The four Handsel sisters were of Danish origin who had moved to Wilton, Wiltshire at the same time of an outbreak of smallpox in 1737 killed 132 people. The local people became convinced that the sisters were responsible for the deaths and accused them of witchcraft and an alliance with the devil. Without an official hearing the sisters were taken to Grovely Wood, murdered by being bludgeoned over the head, and buried a little way apart from each other so that they could not conspire against their murderers. There are four gnarled beech trees associated with the sisters; because either the trees were planted to mark their graves or they mysteriously grew on top of the unmarked graves to remind the locals of their dreadful deed. Sightings of the sisters have been reported over the years. There is a hollow at the back of the largest tree where people leave offerings. Grovely Wood is one of the largest woodlands in southern Wiltshire. It is situated on a chalk ridge above the River Wylye to the south of the village of Great Wishford, within the Cranborne Chase and West Wiltshire Downs Area of Outstanding Natural Beauty.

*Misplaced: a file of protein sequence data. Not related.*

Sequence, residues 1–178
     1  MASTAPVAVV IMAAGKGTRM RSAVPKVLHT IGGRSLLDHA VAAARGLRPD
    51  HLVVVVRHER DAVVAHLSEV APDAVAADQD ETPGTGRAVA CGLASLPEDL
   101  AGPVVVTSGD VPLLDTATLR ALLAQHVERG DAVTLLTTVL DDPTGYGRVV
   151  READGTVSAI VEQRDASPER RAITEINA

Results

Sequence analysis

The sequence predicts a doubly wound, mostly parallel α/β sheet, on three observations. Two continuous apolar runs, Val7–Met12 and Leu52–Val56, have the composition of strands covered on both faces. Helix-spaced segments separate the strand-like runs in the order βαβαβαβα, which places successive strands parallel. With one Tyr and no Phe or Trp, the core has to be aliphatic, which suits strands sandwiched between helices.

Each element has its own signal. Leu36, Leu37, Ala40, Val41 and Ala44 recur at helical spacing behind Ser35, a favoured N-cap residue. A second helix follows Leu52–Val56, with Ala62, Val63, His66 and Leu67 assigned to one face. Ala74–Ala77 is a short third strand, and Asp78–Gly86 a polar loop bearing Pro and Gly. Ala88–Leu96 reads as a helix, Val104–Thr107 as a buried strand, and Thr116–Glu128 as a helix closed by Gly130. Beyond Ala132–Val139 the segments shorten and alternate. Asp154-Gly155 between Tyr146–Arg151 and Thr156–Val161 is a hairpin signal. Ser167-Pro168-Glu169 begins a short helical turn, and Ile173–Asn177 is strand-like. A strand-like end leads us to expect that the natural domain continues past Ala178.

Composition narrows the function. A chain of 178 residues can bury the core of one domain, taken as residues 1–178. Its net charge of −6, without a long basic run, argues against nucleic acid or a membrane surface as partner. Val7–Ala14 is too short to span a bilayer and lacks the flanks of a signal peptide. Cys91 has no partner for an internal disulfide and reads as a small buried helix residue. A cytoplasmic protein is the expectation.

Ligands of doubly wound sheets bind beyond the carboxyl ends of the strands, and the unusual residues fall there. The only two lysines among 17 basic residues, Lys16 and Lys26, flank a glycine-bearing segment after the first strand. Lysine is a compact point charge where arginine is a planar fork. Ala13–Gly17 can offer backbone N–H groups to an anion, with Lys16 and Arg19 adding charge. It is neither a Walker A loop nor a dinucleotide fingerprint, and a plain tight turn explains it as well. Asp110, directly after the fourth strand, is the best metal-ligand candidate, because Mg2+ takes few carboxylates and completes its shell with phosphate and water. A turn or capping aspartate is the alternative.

Famous for its prehistoric stone circles at Avebury and Stonehenge and shrouded in mystery, myth and legend the Wiltshire countryside is beautiful. On weekends I often find myself immersed myself in overgrown paths, walking the dog and taking photographs. The vast fields where huge cloud formations sweep across open skies and weather conditions change in a few minutes.
Pubs come in a variety of states and sizes. In a working class community, which I was brought up in they became one of the focus points of the local neighbourhood. Less so now with the advent of cheap take away booze from supermarkets, which seems to have pushed people increasingly to drink vast amounts of alcohol in the home and in many cases alone.